I didn't really start quilting until I was in my thirties. I was established and had a little time. Sure I had played with it in my teens and twenties, but I never commited to the hobby. Money was one aspect that kept me from going all in.
But does it really have to be an expensive hobby?
The answer is no.
But when you quilt you may run into the attitude, which it often encountered, of "if you do it affordably you are doing it wrong, you must spend more money or you won't get a good quilt" when it comes to quilting. And this is simply nonsense. Thankfully I over heard that at one of the quilting workshops I was at. It was a sweet yong woman who just had her first child and wanted to make them a quilt.
As most women know, this is a time when money is tight and you can't afford to spend a lot on y hobby. But with quilting you don't need to. And I set her down and tried to put things into more perspective. I hope the woman that gave her that nasty bit of advice was also listening because she really shouldn't be spreading things like that, it is ungrounded.
It also shows that she has no grasp on the hobby she choose for herself.
We have to remember; quilting started out as a cheap way to make blankets. This means that fabric that couldn't be used for other things like curtains and clothing was used. They even used old rags as the batting, which were washed first of course. It's the ultimate demonstration in frugality in my oppinion. And one that makes for the perfect frugal hobby.
Here are some things that I do when making my traditional quilts: I upcycle clothing to use as fabric, which has made for some fun and unexpected results. I will purchase from the scrap bin at my local store, and I will use sheets for both patches and backing.
I will even used to heat 'n bond to fuse the extra scrap chunks of batting together. But have since learned that if I just overlap my batting scraps a half inch or so it is just as good if not better since I don't like the feel of the heat'n bond seams. And with this method the quilting holds it down and you can't tell the difference. One of my friends will zigzag her batting scraps, which also works pretty good.
I think that every hobby has an element of snobbery which doesn't help things and it is one that you see more of today than a couple of years ago.
I will relate a story that may help put this into more perspective. My mother also has a sister, she is five years younger than my mother and never took much interest in sewing. Untill a couple of years ago she never even held a needle. Yet, today she is the "best" in the family and she is always telling us we're doing it wrong. She knows better because she is always going to workshops and taking part in her local community. It was actually at one of her local workshops that I met the nice young woman and tried to help her understand what quilting was about.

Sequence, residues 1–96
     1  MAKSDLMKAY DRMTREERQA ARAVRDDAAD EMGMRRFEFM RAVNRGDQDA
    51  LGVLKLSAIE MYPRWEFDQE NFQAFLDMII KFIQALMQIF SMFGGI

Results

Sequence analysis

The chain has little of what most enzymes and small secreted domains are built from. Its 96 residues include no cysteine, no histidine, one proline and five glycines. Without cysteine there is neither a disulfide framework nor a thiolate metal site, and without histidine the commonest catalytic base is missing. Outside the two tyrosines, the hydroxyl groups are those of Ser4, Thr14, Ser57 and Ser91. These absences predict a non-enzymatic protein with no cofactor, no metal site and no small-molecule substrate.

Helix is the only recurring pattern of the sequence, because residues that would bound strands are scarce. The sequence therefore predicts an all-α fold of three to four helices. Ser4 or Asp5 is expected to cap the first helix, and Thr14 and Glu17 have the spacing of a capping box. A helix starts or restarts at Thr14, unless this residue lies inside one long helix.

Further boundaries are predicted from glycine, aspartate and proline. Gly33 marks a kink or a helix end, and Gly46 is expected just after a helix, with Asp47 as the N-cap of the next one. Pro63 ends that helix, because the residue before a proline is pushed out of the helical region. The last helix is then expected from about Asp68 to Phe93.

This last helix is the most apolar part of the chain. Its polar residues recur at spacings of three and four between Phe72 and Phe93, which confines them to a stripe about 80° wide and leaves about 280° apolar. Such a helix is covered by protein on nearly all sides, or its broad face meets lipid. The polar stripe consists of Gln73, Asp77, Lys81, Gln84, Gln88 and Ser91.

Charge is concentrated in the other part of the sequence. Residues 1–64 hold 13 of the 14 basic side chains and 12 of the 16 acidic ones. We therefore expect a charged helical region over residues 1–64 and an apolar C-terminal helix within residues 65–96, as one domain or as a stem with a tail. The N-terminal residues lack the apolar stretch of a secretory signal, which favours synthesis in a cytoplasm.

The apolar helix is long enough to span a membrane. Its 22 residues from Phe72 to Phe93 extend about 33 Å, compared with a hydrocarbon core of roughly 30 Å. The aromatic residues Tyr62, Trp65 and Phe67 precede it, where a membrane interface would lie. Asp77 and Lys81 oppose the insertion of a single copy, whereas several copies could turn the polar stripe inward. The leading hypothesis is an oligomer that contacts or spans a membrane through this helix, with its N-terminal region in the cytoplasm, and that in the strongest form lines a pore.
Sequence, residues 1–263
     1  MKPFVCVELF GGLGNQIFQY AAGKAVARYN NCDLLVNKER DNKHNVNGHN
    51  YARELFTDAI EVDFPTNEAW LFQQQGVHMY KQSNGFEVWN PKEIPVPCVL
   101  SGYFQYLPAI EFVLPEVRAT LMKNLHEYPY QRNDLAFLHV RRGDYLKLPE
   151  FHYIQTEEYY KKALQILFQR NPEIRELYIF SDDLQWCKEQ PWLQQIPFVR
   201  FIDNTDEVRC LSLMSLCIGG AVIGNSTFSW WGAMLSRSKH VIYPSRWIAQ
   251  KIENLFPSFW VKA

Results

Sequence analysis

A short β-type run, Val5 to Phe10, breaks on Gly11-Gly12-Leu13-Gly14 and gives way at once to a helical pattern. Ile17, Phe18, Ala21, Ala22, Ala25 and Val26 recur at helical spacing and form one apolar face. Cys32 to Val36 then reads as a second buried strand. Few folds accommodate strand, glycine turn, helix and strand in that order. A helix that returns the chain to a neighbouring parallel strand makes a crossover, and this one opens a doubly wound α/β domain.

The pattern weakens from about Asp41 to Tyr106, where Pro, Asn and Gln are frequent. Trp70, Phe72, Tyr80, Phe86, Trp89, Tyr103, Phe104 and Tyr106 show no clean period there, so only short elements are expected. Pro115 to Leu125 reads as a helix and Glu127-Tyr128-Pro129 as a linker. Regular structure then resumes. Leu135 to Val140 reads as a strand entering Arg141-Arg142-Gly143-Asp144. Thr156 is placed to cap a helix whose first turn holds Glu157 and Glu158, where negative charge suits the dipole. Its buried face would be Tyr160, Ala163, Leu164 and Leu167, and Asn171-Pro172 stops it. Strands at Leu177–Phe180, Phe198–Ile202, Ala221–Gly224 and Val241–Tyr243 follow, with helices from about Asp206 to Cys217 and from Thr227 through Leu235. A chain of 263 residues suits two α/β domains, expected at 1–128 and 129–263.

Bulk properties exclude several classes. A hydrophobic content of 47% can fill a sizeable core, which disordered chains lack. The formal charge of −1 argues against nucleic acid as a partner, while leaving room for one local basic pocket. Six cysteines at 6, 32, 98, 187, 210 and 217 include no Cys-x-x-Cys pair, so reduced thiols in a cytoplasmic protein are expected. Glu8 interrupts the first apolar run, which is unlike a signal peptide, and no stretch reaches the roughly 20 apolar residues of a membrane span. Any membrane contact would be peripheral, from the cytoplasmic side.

Though I was surrounded by the "pros". One thing I learned is that I will never go to another workshop.
Even the woman that ran it wasn't half as good as my grandmother. And everywoman there threw more money at their one quilt than I would at a dozen of mine.
So if you get discouraged, please, please, remember:
Quilting once stood for something practical, it was there for making beautiful blankets from old clothes, scraps, and bits of fabric that no longer fit their original purpose.
Some people will prefer to spend a large amount of money on the most expensive fabric and batting around. Sure they could get as good or better for just a fraction of the price. But I am actually glad that they do it.
You may wonder about this "good for them," attitude. But it is simple, when novice enter the market they tend to waste a lot of money and that helps to keep fabric stores in business. So what if it makes them feel like they have the bragging rights to a quilt that cost $500 in materials, $200 labor, and in the end looks like they bought it from an upscale shop. Most people can't afford to pay those prices, nor would they want to.
The result is usually the same – a beautiful fully functional quilt – though you and I will actually probably use ours.